This morning when I picked Rachel up there was something hard on her back. I knew what it was instantly: her umbilical cord.
To be honest, I was a little disappointed. I had been hoping for something more...what's the word...dramatic. Like, I think it would have been better if it had fallen off while Andrew was either changing her diaper or giving her a bath. Yes, yes, that would have been good.
Falling off in the dead of the night is a little anticlimactic, don't you agree?
Andrew's reaction this morning was priceless though. He's just so good at shuddering. And he asked a question I didn't expect him to ask, although I wouldn't have put it past him.
"Is it going to be an innie or an outie? Is it genetic or just the way they cut..." he stopped and looked at me; I was looking at him incredulously.
I had just told him the story of David asking the same question in March. He even laughed at what a silly question it was when I told him the story and yet asked it himself 4 months later. Priceless.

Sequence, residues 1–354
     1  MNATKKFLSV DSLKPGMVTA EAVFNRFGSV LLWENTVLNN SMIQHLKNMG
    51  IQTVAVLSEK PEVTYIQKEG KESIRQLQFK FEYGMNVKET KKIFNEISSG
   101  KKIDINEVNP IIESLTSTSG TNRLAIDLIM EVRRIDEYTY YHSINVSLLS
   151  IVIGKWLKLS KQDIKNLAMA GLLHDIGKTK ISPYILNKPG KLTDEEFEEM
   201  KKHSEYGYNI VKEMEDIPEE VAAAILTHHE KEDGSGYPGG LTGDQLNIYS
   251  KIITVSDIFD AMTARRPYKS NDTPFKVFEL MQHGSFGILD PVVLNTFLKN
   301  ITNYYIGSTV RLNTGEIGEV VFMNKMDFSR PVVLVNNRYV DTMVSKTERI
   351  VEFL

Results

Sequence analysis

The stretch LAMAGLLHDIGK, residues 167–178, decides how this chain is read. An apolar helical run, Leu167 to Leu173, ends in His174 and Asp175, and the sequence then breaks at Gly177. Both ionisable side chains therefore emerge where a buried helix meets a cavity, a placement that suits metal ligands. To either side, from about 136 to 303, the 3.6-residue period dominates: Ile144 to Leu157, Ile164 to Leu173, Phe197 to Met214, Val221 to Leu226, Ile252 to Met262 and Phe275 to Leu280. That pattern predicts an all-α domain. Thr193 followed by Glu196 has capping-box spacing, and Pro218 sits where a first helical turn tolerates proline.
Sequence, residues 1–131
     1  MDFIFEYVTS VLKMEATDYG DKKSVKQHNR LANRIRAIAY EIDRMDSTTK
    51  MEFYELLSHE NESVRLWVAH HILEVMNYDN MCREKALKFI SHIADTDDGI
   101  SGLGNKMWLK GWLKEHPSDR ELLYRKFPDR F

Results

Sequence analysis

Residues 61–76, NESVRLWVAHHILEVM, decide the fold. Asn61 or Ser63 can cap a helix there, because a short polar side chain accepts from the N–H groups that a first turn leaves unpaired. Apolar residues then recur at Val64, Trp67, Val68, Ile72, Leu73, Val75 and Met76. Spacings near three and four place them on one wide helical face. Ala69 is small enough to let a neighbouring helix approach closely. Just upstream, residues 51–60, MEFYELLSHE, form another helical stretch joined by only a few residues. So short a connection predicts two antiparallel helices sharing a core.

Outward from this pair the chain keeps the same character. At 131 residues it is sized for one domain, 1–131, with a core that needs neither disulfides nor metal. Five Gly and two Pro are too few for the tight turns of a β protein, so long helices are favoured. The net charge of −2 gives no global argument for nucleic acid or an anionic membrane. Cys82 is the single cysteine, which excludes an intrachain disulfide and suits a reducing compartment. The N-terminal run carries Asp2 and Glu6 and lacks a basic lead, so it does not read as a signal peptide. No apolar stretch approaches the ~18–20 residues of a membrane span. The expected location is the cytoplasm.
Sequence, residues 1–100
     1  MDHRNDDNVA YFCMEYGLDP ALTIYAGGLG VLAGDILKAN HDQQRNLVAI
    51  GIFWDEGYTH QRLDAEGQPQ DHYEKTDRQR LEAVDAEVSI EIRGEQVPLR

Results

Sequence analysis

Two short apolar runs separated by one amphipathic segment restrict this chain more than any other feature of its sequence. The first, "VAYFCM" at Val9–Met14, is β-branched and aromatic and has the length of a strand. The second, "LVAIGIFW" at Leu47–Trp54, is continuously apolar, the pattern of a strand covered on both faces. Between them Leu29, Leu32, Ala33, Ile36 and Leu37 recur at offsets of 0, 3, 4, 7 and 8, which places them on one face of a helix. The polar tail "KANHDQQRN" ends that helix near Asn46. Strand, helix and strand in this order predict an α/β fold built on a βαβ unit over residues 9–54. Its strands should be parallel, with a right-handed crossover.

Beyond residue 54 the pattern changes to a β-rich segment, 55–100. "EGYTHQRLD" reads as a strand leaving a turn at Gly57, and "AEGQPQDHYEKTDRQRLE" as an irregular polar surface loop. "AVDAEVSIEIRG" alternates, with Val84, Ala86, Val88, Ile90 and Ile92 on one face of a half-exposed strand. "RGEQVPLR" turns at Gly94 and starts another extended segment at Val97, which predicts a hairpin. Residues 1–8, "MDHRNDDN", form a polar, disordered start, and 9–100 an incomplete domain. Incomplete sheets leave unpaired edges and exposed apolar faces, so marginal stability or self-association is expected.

So now, as Andrew would say, Rachel is all Rachel...there's no vestige of mommy left on her anywhere. The cord was pretty much hers the entire time, but I'm certainly glad she's hit this milestone of life. It was kind of gross to have it sticking out of her tummy.
It was sitting on the computer desk right now and I asked Andrew what we should do with it.
"Probably just throw it away," he said.
I was thinking we could bury it and plant a tree to mark the spot or something like they do in Jamaica, but throwing it away was easier.
I grabbed the remaining cord and said, "Okay, I'm throwing it away."
No sooner had I said those words and the cord landed at the bottom of the trash can when Rachel, who was lying on my lap, started caterwauling. It is for her sake we've included the following picture:
Now our little girl is all grown up and sporting a belly button. It's still rather gross-looking, but a belly button nonetheless.
Andrew will probably remind her that this is a big part of growing up...he likes to do that from time to time. The other day (let's see, yesterday?) he was changing her diaper and I could hear him talking to her, saying:
"Now, Rachel, don't cry. 11-day old girls don't cry when they're getting their diapers changed."
He's changing her right now and I'm straining to hear if he's telling her that girls with belly buttons don't cry...